Cohort effects in red squirrels: the influence of density, food abundance and temperature on future survival and reproductive success

Authors

  • Sébastien Descamps,

    1. Chaire de Recherche du Canada en Conservation des Écosystèmes Nordiques et Centre d’Études Nordiques, Université du Québec à Rimouski, 300 allée des Ursulines, Rimouski, Québec G5L 3A1, Canada,
    2. Unité Mixte de Recherche 5558 ‘Biométrie et Biologie Evolutive’, Université Claude Bernard Lyon I, 43 boul. du 11 Novembre 1918, 69622 Villeurbanne Cedex, France,
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  • Stan Boutin,

    1. Department of Biological Sciences, CW405, Biological Sciences Center, University of Alberta, Edmonton, Alberta, T6G 2E9, Canada,
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  • Dominique Berteaux,

    Corresponding author
    1. Chaire de Recherche du Canada en Conservation des Écosystèmes Nordiques et Centre d’Études Nordiques, Université du Québec à Rimouski, 300 allée des Ursulines, Rimouski, Québec G5L 3A1, Canada,
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  • Andrew G. McAdam,

    1. Department of Fisheries and Wildlife, 13 Natural Resources Building, Michigan State University, East Lansing, MI 48824, USA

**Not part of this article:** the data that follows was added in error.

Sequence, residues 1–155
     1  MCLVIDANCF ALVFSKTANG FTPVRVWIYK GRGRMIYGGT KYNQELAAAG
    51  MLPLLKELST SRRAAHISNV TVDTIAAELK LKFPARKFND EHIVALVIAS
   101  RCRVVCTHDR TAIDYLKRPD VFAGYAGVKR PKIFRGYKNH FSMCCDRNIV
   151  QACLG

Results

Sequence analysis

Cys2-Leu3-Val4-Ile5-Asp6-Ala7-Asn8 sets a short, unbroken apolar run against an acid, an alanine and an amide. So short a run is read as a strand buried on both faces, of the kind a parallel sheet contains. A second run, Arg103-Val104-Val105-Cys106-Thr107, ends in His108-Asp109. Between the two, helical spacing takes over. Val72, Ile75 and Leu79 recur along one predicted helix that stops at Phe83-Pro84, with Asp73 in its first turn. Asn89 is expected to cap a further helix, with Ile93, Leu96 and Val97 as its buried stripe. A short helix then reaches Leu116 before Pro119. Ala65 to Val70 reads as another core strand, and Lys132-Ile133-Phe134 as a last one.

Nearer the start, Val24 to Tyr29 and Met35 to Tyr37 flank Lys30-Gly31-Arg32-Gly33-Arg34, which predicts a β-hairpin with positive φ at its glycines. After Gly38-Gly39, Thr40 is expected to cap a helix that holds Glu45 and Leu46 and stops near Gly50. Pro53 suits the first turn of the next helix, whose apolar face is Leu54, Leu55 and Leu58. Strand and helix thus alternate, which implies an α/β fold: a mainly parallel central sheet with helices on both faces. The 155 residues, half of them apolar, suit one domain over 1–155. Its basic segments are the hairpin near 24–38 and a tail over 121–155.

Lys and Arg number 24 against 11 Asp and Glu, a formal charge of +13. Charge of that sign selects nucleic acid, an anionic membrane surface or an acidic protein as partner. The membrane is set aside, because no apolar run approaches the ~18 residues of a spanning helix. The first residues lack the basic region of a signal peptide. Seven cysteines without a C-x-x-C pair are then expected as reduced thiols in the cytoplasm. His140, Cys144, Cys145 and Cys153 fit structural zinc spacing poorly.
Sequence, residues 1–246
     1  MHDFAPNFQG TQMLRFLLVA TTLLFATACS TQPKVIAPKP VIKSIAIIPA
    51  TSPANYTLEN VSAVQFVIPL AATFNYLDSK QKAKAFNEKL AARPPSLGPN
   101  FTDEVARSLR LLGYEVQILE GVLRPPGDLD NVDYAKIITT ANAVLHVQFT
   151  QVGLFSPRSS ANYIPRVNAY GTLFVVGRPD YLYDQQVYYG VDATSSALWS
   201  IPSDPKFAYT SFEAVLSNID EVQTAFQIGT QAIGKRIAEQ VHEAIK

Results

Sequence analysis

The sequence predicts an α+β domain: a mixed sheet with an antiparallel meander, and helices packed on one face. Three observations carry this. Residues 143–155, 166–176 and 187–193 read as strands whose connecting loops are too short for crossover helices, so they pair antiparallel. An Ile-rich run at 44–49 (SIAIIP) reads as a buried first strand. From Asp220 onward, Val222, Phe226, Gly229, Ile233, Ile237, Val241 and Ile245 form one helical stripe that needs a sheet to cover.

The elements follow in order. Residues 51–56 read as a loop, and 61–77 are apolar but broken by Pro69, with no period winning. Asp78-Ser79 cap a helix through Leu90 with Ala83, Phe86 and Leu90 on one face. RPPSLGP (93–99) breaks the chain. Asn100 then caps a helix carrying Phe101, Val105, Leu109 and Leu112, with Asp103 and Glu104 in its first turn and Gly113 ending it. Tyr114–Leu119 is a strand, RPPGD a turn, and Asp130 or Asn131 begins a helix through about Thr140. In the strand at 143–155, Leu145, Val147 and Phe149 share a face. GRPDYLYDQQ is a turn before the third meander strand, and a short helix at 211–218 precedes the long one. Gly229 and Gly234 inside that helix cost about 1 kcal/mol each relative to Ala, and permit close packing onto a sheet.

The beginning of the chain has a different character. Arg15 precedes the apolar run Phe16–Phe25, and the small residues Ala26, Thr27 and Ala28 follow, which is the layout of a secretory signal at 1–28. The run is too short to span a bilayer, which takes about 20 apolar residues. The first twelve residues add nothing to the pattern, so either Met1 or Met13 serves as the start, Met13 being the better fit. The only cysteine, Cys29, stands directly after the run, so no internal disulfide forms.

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  • Jean-Michel Gaillard

    1. Unité Mixte de Recherche 5558 ‘Biométrie et Biologie Evolutive’, Université Claude Bernard Lyon I, 43 boul. du 11 Novembre 1918, 69622 Villeurbanne Cedex, France,
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*Correspondence author. E-mail: dominique_berteaux@uqar.qc.ca

Summary

  • 1Environmental conditions experienced early in life may have long-lasting effects on individual performance, thereby creating ‘silver-spoon effects’.
  • 2We used 15 years of data from a North American red squirrel (Tamiasciurus hudsonicus Erxleben) population to investigate influences of food availability, density and spring temperature experienced early in life on reproduction and survival of female squirrels during adulthood.
  • 3We found that spring temperature and food availability did not affect female survival after 1 year of age, whereas higher squirrel densities led to lower survival, thereby affecting longevity and lifetime fitness.
  • 4In addition, both food availability experienced between birth and weaning, and spring temperature in the year of birth, had long-lasting positive effects on female reproductive success. These results emphasize the critical effect environmental conditions during the early life stages can have on the lifetime performance of small mammals.
  • 5These long-term effects of early food and temperature were apparent only once we controlled for conditions experienced during adulthood. This suggests that silver-spoon effects can be masked when conditions experienced early in life are correlated to some environmental conditions experienced later in life.
  • 6The general importance of silver-spoon effects for adult demographic performance might therefore be underestimated, and taking adult environment into account appears to be necessary when studying long-term cohort effects.

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